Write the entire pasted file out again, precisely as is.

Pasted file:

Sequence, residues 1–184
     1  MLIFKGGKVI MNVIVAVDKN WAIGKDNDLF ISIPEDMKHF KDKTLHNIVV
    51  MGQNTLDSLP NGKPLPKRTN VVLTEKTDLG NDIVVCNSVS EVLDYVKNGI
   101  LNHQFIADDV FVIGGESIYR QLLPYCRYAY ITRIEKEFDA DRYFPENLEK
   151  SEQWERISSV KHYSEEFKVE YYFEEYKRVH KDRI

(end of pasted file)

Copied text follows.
Sequence, residues 1–184
     1  MLIFKGGKVI MNVIVAVDKN WAIGKDNDLF ISIPEDMKHF KDKTLHNIVV
    51  MGQNTLDSLP NGKPLPKRTN VVLTEKTDLG NDIVVCNSVS EVLDYVKNGI
   101  LNHQFIADDV FVIGGESIYR QLLPYCRYAY ITRIEKEFDA DRYFPENLEK
   151  SEQWERISSV KHYSEEFKVE YYFEEYKRVH KDRI